Pope Francis in Transylvania: “Csíksomlyó is a sign of dialogue, unity and fraternity”

Notwithstanding the significance of Pope Francis’s visit and his call to Romanians and Hungarians for fraternal coexistence, recent developments in bilateral relations close to the centenary of the Trianon treaty does not seem to embrace the message.

Romanian President Klaus Iohannis made a statement last month accusing Romania’s social democratic party of “secretly trying” to “return Transylvania to Hungary.” According to the National Anti-Discrimination Council, the Romanian President violated the human dignity of Hungarian nationals in Romania with the accusation.

In a demonstrative move just before the 100th anniversary of the Trianon Treaty which handed Transylvania to Romania in the wake of World War One, both houses of the Romanian Parliament declared June 4th a national holiday, to be commemorated throughout the country. Commentators deplore the decision by the Romanian parliament as insensitive to the feelings of ethnic Hungarians and ascribe it to irrational fears which survive despite sweeping changes in the past century.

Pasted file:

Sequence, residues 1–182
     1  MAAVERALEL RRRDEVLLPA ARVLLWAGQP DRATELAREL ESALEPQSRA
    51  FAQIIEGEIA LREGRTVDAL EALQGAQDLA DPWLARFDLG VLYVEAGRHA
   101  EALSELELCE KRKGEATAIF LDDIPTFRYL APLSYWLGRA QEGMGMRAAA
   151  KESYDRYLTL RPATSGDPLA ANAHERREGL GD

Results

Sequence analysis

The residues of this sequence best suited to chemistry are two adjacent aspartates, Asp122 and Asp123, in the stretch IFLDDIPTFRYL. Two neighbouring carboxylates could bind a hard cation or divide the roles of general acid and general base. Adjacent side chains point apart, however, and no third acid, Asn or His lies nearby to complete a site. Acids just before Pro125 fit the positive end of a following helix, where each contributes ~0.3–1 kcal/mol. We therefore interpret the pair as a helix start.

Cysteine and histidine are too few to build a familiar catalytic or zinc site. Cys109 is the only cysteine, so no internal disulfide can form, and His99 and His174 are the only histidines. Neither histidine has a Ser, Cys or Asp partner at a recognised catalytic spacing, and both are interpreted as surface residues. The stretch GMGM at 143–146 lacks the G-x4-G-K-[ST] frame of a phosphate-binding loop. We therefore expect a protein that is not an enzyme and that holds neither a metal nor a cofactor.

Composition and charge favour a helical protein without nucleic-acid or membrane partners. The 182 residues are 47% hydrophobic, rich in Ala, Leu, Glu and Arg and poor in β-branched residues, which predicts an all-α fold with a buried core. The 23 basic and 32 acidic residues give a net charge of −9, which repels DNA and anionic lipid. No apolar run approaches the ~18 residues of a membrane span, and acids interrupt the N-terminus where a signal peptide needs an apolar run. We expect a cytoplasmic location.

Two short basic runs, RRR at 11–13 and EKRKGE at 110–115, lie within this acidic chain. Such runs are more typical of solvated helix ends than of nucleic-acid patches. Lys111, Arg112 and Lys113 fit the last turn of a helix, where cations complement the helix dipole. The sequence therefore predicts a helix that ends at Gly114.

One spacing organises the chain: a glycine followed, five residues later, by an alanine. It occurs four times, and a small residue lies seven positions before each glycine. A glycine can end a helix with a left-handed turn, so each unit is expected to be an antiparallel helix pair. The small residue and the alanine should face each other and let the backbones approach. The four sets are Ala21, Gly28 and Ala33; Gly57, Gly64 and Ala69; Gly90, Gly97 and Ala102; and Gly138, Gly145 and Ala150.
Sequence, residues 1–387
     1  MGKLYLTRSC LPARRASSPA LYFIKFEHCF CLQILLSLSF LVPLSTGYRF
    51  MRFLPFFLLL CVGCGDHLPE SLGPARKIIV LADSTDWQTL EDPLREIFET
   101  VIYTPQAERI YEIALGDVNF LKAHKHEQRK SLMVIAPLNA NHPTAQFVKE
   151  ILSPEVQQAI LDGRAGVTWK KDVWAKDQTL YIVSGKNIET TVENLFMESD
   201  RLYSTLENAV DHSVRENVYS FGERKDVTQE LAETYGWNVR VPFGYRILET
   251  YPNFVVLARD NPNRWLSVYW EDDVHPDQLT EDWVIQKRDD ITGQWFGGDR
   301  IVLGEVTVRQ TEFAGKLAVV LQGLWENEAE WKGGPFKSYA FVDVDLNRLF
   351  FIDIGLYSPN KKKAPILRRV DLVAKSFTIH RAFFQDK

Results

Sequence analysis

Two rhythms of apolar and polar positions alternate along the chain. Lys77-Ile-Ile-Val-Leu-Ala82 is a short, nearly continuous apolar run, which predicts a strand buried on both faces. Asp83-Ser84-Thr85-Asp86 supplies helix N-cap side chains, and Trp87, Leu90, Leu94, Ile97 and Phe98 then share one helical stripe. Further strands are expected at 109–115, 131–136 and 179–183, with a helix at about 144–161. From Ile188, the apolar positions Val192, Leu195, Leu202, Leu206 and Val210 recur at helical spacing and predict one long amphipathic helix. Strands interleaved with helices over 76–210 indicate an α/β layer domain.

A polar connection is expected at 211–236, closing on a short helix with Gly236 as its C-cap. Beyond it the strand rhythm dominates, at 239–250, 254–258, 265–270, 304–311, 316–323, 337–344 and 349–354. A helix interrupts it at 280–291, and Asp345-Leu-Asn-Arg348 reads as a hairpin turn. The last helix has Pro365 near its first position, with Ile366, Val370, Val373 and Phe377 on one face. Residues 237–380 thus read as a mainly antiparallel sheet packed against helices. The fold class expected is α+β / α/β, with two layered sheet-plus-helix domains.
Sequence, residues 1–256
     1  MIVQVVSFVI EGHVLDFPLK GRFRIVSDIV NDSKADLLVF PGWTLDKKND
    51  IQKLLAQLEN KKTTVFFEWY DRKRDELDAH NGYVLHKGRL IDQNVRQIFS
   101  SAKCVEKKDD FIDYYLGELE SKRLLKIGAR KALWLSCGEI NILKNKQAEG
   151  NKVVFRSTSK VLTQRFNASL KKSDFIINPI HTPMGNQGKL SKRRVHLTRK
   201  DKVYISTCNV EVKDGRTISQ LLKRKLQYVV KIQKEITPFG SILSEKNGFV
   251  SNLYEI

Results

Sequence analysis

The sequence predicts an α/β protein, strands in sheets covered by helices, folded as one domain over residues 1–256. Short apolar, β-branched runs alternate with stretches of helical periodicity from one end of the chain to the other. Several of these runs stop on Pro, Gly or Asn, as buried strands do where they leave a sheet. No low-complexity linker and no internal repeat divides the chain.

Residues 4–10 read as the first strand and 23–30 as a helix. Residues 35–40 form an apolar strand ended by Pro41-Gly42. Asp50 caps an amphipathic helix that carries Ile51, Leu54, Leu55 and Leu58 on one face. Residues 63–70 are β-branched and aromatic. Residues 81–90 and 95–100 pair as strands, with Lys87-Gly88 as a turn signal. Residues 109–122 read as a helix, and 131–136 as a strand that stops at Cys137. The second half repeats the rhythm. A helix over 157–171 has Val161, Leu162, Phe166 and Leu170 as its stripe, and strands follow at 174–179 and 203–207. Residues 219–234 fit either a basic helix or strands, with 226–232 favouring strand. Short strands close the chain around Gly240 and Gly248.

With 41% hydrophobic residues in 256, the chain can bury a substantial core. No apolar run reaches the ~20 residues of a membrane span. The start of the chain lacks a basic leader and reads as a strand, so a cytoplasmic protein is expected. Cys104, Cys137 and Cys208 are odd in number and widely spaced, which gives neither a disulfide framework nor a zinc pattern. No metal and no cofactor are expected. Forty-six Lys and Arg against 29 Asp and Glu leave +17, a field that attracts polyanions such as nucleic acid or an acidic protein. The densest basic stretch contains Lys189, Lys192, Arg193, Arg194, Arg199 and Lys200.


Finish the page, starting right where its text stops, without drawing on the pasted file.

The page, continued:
Pentecost Pilgrimage to Csíksomlyó remains a strong foothold of hope that the inseparable history of Romanians and Hungarians bears more fruits of fraternity in the future, rather than hatred.

Sharing the fate of many other historical traditions broken by the current coronavirus pandemic, the pilgrimage to Csíksomlyó will also be exceptional this year. As the shrine site cannot receive hundreds of thousands of pilgrims due to the virus, the event will be broadcasted via television and the internet. Nevertheless, sometimes a forced change in the course of events turns out to be the beginning of a new era that surpasses old conflicts. Right now, we do not know if Pentecost in 2020 will be of that kind. Time will tell.

Featured photo by Nándor Veres/MTI